If you’re in the mood for a clever, contemporary movie about parents and children, the titles-only search on Netflix just won’t do. That’s where Jinni comes in. The “taste engine” matches users to movies via a variety of formats, ranging from specific keyword searches to a detailed browse mode.
After months of working with a psychologist to develop a movie-rating language made up of more than 2,000 tags in 20 categories, the Israel-based Jinni launched in November 2009. The site got some press last month, when Google named Jinni as a partner in Google TV.
I spoke recently with Jinni founder Yosi Glick. While he declined to talk about the Google venture, Glick explained the science behind Jinni’s complex system.
Jinni lets users search by key phrases to get movie recommendations, while Netflix only offers title search. Talk about that difference.
We believe we need to take a holistic approach for discovery, meaning sometimes we want to search, sometimes we want to browse and sometimes we want to get recommendations. It all depends on the cognitive effort we are willing to invest. If you are looking for something outside your comfort zone, you will use search. You come to the search box and type “feel good, smart, romantic movie in New York with unlikely couple” and in the results you’ll get As Good as It Gets. Jinni understands those natural metaphors, such as “feel good” and “unlikely couple.”
Sometimes, we want to browse. On Jinni, you click on Mood. It can be weepy, feel good, contemplative and so on. You can see what kind of movies fall under that. Later on, you can use the Squeeze Your Search refinement tool to further reduce the results. When you don’t feel like investing any time, you come to Jinni and you press Recommendation. Jinni will show titles that match you personality.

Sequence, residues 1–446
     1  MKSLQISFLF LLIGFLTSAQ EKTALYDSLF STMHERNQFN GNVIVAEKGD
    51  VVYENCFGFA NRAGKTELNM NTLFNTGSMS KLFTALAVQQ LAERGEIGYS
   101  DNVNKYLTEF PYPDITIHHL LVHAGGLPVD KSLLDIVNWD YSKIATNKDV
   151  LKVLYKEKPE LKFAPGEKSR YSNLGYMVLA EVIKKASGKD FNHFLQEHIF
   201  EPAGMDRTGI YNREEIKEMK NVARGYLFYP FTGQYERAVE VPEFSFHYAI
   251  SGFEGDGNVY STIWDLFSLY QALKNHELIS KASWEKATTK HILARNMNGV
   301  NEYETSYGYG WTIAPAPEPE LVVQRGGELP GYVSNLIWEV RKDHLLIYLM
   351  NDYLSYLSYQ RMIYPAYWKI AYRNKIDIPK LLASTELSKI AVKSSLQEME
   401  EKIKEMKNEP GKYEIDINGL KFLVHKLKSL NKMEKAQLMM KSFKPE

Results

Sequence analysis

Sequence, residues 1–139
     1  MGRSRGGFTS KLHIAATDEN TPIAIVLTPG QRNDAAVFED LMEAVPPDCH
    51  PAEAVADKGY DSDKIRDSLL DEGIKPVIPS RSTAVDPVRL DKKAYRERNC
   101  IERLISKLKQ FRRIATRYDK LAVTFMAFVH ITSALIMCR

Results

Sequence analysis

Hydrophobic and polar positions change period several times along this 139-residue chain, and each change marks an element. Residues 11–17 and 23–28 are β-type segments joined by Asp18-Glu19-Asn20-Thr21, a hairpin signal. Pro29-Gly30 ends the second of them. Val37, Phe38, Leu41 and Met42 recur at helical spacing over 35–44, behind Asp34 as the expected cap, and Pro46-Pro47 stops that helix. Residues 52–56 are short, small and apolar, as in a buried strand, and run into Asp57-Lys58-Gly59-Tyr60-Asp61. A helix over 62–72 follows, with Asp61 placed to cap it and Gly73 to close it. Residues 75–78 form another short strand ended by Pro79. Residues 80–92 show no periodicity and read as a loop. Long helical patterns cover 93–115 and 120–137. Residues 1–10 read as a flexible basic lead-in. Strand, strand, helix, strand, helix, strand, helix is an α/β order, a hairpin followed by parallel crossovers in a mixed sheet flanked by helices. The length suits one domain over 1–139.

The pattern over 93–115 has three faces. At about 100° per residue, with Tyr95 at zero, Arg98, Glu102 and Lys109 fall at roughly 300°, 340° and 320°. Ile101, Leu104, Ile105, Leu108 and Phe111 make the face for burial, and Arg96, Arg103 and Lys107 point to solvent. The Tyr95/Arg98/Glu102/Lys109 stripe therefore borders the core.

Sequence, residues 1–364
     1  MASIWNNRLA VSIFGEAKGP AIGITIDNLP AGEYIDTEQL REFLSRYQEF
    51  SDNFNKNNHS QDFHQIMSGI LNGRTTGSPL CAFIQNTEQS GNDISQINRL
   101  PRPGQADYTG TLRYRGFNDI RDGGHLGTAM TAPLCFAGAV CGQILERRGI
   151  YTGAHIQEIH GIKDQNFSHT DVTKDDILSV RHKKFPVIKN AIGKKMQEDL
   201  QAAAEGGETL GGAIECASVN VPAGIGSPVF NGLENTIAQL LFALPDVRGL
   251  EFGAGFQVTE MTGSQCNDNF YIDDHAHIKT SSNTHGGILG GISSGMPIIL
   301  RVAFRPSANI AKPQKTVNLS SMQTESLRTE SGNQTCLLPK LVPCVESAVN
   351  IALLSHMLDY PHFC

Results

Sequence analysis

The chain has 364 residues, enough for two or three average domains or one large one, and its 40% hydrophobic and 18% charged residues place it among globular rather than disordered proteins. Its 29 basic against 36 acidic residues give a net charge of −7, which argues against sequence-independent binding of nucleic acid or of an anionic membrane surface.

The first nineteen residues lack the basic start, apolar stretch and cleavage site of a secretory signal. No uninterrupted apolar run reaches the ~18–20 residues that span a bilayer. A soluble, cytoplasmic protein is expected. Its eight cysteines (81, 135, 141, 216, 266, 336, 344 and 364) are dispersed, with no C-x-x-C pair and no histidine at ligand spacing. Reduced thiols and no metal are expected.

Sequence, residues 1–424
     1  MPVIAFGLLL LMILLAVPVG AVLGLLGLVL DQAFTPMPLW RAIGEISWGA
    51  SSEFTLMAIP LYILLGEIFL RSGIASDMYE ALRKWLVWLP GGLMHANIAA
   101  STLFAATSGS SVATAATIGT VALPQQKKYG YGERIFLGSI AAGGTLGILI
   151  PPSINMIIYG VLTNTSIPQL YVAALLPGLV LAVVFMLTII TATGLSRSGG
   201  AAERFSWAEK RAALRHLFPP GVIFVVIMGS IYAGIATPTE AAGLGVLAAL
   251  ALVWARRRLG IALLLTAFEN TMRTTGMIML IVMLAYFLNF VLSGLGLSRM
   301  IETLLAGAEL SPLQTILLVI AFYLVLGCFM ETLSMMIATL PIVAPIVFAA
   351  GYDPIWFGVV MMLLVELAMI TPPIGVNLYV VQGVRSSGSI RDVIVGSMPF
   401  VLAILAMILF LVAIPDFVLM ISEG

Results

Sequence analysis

[By] giving a holistic experience, we are different than anybody else. Netflix and Amazon are statistical engines. They do not have the attributes such as “feel good” and “dysfunctional family” and they cannot support search. The only search they can support is when you search a title. Also, because they do not have the attributes, they cannot support browse. Statistical engines using collaborative filtering can use only one discovery method: recommendation.
Netflix devotes dozens of employees to personalization technology. How does Jinni, with only 20 employees, manage the complicated job of categorizing so many movies?
We’re using an automated process. All these tags are generated automatically. There is no human interaction. Most people would consider this magic, too good to be true. To say that Juno is [about] coming of age, this is a very detailed observation. We have very sophisticated technology that can identify all these details and generate the tags automatically. We don’t need hundreds of people. We just have the brain power to develop the algorithms. The algorithms analyze synopsis and reviews. From that, we generate the tags automatically. With that respect, we are very unique.
How does Jinni work with Netflix?
The whole idea is once you connect to your Netflix account from Jinni, practically speaking you don’t need to go again to Netflix.com. Within Jinni you can select content, put it into your queue, rate it, get more recommendations and so on. We provide an alternative for content selection for Netflix subscribers.
Image, top: Jinni
Image, bottom: Yosi Glick